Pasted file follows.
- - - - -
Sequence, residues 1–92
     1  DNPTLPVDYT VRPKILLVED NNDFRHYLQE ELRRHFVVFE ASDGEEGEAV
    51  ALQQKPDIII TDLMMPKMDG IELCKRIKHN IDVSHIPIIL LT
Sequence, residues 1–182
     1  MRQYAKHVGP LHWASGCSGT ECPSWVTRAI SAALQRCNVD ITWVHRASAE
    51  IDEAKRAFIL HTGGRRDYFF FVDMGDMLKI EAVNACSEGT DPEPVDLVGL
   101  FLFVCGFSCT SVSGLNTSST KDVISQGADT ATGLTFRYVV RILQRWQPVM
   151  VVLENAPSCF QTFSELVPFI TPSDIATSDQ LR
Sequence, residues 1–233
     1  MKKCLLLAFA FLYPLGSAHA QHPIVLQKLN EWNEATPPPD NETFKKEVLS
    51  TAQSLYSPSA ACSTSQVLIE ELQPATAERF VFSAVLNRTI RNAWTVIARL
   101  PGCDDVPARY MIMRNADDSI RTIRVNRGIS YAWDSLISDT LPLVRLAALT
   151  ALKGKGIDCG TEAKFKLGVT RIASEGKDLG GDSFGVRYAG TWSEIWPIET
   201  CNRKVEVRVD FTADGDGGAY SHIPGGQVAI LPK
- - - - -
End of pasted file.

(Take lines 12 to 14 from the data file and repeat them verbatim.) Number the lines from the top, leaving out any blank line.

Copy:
   101  PGCDDVPARY MIMRNADDSI RTIRVNRGIS YAWDSLISDT LPLVRLAALT
   151  ALKGKGIDCG TEAKFKLGVT RIASEGKDLG GDSFGVRYAG TWSEIWPIET
   201  CNRKVEVRVD FTADGDGGAY SHIPGGQVAI LPK